Iron and Wine, The Shepherd’s Dog

It has probably been a couple of years since I first heard the name “Iron and Wine”, but it has only been recently that I have managed to find a suitable juncture to investigate the American folk rock artist’s work further. Iron and Wine is, of course, the stage name for Sam Beam, who has released three studio albums in the last five years. I have heard a couple of tracks from his first two albums along the way, but it is his most recent album, The Shepherd’s Dog which I have managed to lay my hands on first. Although 2008 is of course still extremely young, this is the album that has been on rotation on my iPod the most so far this year.

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Beam’s silvery, whispered tones together with some neat guitar playing dominate the album to good effect. Pagan Angel and a Borrowed Car kicks off the album with a burst of happy-go-lucky fun, with some strings and what sounds suspiciously like a xylophone adding to the tune’s easy rhythm. The next few tracks are somewhat more downbeat and melancholic, culminating with the catchy House By The Sea. Beam’s playful guitar combines well with what seems to be something of a fable put to music:

There is a house by the sea
Two jealous sisters, they’re waiting for me
And one is laid on the floor
And one is changing the locks on the doors 

A triplet of strong cuts then sets the tone for the rest of the album. Wolves (Song of the Shepherd’s Dog) is a fitting title track, even if it sticks out a bit like a sore thumb. The bass line is more funky than folksy, and the tune represents a fairly strong but interesting departure from the rest of the material on the album. The title track leads into Resurrection Fern, a triumph of a mid-paced singalong packed with wistful lyrics like these:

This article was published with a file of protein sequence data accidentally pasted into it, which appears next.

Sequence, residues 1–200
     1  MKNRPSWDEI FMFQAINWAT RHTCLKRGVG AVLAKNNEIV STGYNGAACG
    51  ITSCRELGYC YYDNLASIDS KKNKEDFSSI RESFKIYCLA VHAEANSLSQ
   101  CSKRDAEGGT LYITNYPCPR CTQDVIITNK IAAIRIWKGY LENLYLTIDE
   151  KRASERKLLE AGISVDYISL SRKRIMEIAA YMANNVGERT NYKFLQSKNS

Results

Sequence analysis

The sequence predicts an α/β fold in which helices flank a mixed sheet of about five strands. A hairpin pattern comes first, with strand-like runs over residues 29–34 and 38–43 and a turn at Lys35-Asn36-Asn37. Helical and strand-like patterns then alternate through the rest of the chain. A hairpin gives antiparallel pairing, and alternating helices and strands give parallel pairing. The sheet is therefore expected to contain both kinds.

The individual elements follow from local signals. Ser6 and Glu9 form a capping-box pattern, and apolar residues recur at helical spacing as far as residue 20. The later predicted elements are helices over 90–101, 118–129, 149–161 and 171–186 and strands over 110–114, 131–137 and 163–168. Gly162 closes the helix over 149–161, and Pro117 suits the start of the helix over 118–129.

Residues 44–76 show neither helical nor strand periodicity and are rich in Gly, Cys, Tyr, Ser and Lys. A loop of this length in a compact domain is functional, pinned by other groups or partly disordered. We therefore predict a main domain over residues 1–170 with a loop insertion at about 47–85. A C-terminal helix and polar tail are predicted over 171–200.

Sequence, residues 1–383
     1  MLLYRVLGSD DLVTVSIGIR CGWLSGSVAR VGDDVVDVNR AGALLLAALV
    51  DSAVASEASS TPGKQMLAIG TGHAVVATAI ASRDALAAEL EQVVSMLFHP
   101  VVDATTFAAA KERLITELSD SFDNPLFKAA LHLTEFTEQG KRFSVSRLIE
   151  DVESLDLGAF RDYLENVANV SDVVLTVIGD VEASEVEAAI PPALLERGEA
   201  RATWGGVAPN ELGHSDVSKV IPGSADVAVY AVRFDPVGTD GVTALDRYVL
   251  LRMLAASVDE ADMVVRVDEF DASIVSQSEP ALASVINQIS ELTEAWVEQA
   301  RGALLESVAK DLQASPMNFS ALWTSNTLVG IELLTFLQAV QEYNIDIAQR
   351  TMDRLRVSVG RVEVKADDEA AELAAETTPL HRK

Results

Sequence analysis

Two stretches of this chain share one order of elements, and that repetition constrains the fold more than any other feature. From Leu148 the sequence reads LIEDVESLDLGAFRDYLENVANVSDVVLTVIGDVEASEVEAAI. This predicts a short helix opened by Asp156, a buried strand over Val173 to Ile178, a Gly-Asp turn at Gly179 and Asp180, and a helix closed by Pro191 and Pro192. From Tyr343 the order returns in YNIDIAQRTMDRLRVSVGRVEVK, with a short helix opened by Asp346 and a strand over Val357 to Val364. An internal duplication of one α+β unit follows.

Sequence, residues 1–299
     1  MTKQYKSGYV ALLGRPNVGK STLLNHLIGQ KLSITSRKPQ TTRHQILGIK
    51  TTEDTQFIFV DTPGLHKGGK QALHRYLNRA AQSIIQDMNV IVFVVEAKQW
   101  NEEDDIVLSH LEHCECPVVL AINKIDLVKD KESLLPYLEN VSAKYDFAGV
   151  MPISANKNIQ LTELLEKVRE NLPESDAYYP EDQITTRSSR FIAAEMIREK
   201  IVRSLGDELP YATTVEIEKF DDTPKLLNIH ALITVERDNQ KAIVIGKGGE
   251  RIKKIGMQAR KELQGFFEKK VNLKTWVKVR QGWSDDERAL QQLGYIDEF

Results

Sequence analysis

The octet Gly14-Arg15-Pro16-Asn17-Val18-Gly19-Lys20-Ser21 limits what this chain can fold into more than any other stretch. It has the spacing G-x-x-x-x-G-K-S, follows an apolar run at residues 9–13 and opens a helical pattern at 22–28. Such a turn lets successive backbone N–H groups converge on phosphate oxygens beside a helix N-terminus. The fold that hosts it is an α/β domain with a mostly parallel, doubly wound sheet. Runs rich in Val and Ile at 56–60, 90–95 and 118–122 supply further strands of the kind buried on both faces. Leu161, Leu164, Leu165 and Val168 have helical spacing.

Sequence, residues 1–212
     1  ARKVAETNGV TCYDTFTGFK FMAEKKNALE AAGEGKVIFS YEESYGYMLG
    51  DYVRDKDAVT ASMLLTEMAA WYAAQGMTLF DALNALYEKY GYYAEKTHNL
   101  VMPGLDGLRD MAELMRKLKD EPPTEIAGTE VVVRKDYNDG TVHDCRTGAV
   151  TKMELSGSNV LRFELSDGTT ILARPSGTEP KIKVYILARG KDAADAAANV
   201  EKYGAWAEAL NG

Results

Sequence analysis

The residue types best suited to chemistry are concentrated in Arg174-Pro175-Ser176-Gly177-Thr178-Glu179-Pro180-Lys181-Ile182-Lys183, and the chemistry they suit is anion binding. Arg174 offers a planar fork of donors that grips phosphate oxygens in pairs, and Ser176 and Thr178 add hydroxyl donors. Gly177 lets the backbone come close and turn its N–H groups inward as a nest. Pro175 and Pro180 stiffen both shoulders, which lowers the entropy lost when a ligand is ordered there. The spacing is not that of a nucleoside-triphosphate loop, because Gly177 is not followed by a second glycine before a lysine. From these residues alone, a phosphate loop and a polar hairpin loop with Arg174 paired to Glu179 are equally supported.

And we’ll undress beside the ashes of the fire
Both our tender bellies bound in baling wire
All the more a pair of underwater pearls
Than the oak tree and its Resurrection Fern 

Which in turn leads into Boy With A Coin, the album’s first single and one of its more edgy tracks, with a guitar arpeggio and some rhythmic handclapping running like a thread throughout. From there on, Beam delivers a grab-bag of everything; The Devil Never Sleeps runs with the pace of a old-time locomotive in its smile-inducing attempt to do honky-tonk, and the aptly named Peace Beneath The City is easily the most sedentary track on the album. The final track, Flightless Bird, American Mouth is a masterpiece of waltzing pop nostalgia, and a perfect way to wrap things up with Beam’s best vocal performance yet:

I was a quick wet boy, diving too deep for coins
All of your street light eyes wide on my plastic toys
Then when the cops closed the fair, I cut my long baby hair
Stole me a dog-eared map and called for you everywhere 

In short, this album comes with my strong recommendation. Not having delved into Iron and Wine’s earlier works, I can really comment on whether his latest album is the best place to get acquainted. Having said that, I’m fairly confident if you pick this one up that you will, like me, quickly get interested in prowling Sam Beam’s back catalogue for more rare gems like some of the songs featuring on this album.